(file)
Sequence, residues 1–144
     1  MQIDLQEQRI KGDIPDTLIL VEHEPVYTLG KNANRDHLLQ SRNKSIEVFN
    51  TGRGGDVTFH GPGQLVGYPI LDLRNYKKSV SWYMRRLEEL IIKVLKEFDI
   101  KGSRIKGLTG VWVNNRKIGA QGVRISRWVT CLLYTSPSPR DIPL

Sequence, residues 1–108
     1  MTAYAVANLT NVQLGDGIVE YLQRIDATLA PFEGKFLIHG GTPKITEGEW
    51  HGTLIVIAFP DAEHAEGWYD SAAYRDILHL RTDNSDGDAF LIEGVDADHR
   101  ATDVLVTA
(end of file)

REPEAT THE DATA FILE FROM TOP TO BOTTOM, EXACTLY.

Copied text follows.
Sequence, residues 1–144
     1  MQIDLQEQRI KGDIPDTLIL VEHEPVYTLG KNANRDHLLQ SRNKSIEVFN
    51  TGRGGDVTFH GPGQLVGYPI LDLRNYKKSV SWYMRRLEEL IIKVLKEFDI
   101  KGSRIKGLTG VWVNNRKIGA QGVRISRWVT CLLYTSPSPR DIPL

Sequence, residues 1–108
     1  MTAYAVANLT NVQLGDGIVE YLQRIDATLA PFEGKFLIHG GTPKITEGEW
    51  HGTLIVIAFP DAEHAEGWYD SAAYRDILHL RTDNSDGDAF LIEGVDADHR
   101  ATDVLVTA